The Simians of Shimla

Nobody can miss them. They are all over the place, an integral part of the urban eco-system.

Little infants clinging to their mothers’ underbelly, tight rope walking on slender telephone cables strung across streets; juveniles mischievously scurrying about and swinging on anything that hangs or is horizontal; adults scavenging incessantly for food in and out of rusted, geometric municipal waste bins and the older ones getting their ticks picked and eaten by each other or those of the younger lot they manage to entice.

When the sun comes out in Shimla (which is not often circa 2012 AD), troupes of monkeys sprawl on the town’s corrugated roofs, lazing or sleeping or generally fooling around, much like the Burra sahibs of the erstwhile Raj.

Shimla monkey attempting to catch the monkey in the mirror

Occasionally a short fight breaks out among troupe members or a dominant male gets into a frenzy jumping on pillars or poles and violently shaking them as if to vent pent up frustration; something the more politically inclined amongst us ought to be doing.

However, unlike the prudish Sahibs of yore, the monkeys of Shimla are more open (minded?) and uninhibited about their primary primate inclinations. They do it openly and annoyingly frequently.

Mercifully their Act is short and swift; much like the allegorical wham-bam T Y ma’am stuff. It does seem to work though, given the addition of scores of infants every June / July to the already high monkey population and straining Shimla’s civic amenities.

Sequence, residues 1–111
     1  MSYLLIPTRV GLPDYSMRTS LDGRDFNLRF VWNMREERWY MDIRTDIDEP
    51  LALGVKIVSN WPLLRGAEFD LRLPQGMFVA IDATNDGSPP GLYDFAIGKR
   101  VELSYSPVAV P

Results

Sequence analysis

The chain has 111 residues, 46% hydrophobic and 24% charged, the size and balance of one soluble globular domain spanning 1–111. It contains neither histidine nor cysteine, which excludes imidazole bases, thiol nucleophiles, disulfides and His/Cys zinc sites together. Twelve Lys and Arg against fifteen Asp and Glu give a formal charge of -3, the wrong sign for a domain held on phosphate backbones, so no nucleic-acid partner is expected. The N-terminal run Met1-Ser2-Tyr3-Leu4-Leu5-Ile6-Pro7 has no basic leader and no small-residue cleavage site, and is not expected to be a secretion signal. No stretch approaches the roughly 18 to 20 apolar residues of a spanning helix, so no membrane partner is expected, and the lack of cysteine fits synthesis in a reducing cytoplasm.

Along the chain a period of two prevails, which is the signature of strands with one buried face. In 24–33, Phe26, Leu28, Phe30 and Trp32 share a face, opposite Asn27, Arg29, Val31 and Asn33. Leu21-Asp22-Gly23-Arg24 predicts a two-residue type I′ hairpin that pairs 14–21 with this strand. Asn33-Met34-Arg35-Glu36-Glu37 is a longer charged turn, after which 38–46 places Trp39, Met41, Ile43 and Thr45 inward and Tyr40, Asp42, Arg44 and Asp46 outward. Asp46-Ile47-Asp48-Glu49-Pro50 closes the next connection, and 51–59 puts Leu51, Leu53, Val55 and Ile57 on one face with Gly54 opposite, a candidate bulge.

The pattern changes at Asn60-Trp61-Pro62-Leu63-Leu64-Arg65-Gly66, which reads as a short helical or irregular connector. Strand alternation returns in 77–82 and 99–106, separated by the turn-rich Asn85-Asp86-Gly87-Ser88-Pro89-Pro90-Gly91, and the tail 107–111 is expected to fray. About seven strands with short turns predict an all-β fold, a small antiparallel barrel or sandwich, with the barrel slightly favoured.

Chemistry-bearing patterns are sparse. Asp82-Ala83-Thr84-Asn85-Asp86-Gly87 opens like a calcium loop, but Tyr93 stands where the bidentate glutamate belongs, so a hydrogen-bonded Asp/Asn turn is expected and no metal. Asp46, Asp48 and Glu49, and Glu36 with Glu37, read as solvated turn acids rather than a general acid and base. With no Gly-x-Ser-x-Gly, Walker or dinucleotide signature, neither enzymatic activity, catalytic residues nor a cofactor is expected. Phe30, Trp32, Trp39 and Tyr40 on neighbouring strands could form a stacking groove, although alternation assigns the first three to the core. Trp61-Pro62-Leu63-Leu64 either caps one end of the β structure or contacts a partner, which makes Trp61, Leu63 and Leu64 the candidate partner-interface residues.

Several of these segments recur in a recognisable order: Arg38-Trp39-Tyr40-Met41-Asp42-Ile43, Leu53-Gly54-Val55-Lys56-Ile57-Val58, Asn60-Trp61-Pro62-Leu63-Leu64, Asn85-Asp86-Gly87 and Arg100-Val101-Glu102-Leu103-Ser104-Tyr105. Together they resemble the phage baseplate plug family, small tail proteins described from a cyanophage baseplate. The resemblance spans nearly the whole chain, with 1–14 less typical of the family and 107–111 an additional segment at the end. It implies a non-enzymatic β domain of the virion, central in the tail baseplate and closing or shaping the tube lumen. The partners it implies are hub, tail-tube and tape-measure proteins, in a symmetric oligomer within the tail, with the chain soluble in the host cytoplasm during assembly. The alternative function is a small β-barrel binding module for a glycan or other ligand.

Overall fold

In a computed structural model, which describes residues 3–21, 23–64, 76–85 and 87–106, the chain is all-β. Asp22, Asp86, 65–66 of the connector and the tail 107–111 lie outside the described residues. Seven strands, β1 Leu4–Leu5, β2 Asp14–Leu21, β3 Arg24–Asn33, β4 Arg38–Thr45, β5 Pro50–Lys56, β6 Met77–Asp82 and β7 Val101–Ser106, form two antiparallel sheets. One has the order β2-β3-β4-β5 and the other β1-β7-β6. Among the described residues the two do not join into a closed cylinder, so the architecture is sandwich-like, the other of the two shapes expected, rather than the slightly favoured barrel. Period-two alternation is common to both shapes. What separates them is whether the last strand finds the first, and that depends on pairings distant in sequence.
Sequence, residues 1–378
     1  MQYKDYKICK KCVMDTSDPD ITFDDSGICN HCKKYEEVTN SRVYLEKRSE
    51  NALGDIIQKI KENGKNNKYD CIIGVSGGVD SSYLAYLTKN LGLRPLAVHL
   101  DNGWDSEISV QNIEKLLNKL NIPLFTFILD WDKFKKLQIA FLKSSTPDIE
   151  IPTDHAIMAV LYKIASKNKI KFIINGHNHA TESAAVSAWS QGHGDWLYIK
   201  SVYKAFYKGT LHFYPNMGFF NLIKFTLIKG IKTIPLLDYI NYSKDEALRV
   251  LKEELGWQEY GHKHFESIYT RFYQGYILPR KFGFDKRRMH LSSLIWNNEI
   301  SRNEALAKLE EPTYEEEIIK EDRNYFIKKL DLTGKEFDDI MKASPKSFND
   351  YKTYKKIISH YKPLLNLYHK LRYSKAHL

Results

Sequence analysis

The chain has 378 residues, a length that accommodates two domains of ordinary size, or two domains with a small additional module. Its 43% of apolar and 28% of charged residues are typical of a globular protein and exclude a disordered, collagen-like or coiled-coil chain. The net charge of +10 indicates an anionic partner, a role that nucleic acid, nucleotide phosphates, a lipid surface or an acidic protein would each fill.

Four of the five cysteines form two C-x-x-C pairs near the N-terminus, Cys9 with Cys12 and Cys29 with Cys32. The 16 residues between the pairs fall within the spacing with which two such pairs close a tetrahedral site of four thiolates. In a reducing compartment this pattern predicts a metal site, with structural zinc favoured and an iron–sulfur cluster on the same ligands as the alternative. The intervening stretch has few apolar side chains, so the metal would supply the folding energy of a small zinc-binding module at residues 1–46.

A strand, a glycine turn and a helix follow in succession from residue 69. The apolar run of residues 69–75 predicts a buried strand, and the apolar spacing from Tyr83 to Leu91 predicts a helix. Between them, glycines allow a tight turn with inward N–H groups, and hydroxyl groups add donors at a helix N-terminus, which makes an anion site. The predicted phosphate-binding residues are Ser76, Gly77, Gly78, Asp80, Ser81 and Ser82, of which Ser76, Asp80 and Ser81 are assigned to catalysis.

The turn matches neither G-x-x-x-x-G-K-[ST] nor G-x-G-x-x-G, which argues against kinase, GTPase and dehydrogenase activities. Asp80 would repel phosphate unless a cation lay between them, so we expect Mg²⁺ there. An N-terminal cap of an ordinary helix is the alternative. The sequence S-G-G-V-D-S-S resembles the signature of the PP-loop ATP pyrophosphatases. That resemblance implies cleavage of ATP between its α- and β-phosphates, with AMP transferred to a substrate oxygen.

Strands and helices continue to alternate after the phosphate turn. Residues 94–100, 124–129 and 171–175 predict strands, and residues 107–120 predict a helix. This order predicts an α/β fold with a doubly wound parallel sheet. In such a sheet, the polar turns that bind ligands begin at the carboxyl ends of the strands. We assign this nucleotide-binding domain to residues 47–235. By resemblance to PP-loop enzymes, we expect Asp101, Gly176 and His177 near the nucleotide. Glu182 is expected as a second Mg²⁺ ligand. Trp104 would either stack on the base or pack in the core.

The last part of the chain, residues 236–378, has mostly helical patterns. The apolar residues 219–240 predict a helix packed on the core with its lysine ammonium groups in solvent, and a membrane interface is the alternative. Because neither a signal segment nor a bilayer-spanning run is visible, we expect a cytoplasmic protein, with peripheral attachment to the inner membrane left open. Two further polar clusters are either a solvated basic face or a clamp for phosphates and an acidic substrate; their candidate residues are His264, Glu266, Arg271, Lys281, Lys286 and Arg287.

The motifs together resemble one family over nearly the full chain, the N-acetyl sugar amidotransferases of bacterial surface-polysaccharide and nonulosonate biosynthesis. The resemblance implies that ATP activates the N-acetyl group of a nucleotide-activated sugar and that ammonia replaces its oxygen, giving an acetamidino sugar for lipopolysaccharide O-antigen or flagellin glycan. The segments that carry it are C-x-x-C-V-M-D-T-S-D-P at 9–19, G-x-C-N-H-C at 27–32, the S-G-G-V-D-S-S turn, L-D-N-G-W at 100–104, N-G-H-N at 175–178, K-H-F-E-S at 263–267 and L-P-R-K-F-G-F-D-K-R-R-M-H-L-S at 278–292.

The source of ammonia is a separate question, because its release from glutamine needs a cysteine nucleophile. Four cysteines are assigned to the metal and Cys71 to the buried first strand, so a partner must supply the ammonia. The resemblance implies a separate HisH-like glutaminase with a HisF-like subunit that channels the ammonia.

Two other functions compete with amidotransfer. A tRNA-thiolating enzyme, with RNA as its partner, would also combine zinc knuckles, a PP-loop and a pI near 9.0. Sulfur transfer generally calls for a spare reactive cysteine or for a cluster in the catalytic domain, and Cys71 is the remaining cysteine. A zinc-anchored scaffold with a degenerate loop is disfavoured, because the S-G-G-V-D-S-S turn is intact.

On top of it we are informed that the women of our prurient macaques are wantonly polyandrous. I am sure the gentlemen macaques couldn’t help but being of quite a parallel polygamous disposition.

This no holds barred strategy to “go forth and multiply” ensures a growing next generation and a recurring nightmare for the Government’s much vaunted monkey sterilization programme. Mercifully, unlike the more evolved humans, simians are not insane about having sons!

Being primates, the Rhesus macaques are of similar intelligence as other species in their Order that importantly includes the pompous Homo sapiens.

The monkeys of Shimla, descendents of forebears who lived through the Raj and having been urbanised long ago, are certainly better educated and a lot more street smart than ordinary, wild macaques or baboons that live a more hidden life in the deodar forests.

They can make out the approach of the dreaded Monkey Sterilization Van from the sound of its engine and promptly disappear into the hills.

No amount of bananas and peanuts will lure them into the cages set up by a desperate Forest Department chasing steep sterilization targets.

Shimla monkeys are also more urbane and trendy than their cousins in lesser towns for, like our younger generation they eat a lot of junk(ed) food.

For one, our simians know when and whom to strike. Ladies first! So much like their human counterparts, I would say. And do it when she’s alone; or at the most with her little children.

Raid the vegetable vendor when the fellow has gone to relieve himself; school children who carelessly carry snacks or lunch boxes openly; the grocer when he is frantically calling on the phone.

Avoid cops and clerks especially when they are returning from work and are eager to make up for lack of action in the office.

Shimla monkeys, perhaps because of their shared ancestry with humans, have a definite streak of naughtiness bordering on the wicked.

At several points, especially those frequented by snack gobbling tourists, our simians have perfected the craft of blackmail by taking away bags or cameras and even spectacles of unsuspecting visitors with the skill of Mumbai pickpocket!